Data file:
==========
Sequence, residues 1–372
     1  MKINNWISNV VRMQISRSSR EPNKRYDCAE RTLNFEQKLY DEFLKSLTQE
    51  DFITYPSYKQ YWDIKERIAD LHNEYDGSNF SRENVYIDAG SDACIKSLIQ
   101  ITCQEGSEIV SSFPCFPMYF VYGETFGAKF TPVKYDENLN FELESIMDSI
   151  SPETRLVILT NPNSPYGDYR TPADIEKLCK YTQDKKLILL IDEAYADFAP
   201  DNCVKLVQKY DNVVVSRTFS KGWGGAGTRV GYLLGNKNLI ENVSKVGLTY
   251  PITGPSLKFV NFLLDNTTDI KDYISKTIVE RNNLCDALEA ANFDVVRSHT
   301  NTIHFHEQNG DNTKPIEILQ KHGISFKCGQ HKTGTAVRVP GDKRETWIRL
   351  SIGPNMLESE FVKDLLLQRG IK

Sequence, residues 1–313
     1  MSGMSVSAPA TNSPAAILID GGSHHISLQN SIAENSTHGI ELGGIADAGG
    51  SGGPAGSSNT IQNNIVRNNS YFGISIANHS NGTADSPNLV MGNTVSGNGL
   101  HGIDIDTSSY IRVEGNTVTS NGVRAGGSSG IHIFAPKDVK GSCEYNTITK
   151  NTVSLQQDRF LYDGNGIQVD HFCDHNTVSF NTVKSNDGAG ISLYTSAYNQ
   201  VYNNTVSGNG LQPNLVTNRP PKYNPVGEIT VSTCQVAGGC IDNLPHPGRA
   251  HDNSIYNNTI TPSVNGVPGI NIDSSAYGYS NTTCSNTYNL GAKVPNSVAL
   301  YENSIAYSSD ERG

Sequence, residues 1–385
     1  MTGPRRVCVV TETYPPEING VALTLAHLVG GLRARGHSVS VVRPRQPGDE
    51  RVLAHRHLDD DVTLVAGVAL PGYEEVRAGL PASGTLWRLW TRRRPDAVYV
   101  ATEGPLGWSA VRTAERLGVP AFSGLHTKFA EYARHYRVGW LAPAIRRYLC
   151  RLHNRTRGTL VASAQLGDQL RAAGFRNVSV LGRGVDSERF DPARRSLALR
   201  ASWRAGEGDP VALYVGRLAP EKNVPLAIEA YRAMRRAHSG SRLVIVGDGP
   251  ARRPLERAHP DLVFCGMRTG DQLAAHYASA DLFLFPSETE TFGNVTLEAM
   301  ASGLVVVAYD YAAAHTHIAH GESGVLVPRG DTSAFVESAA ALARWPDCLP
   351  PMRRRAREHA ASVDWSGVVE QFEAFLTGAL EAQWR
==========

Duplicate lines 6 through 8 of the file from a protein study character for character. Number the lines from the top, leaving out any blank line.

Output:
   201  DNCVKLVQKY DNVVVSRTFS KGWGGAGTRV GYLLGNKNLI ENVSKVGLTY
   251  PITGPSLKFV NFLLDNTTDI KDYISKTIVE RNNLCDALEA ANFDVVRSHT
   301  NTIHFHEQNG DNTKPIEILQ KHGISFKCGQ HKTGTAVRVP GDKRETWIRL